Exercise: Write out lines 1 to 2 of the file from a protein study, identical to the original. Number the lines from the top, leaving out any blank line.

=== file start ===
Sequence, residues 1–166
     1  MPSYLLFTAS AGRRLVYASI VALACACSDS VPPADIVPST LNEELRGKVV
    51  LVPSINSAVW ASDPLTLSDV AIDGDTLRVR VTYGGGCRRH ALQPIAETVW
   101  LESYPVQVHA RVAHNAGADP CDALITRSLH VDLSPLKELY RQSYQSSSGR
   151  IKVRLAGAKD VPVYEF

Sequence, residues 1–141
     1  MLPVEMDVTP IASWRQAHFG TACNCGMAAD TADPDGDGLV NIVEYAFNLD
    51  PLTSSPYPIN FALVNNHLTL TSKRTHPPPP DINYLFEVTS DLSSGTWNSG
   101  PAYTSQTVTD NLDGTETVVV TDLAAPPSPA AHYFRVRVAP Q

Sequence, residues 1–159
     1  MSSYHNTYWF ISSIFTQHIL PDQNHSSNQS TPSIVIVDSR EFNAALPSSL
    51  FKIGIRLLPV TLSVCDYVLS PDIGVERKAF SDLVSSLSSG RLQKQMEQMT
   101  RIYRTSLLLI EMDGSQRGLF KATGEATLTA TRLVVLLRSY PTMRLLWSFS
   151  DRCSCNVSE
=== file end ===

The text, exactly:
Sequence, residues 1–166
     1  MPSYLLFTAS AGRRLVYASI VALACACSDS VPPADIVPST LNEELRGKVV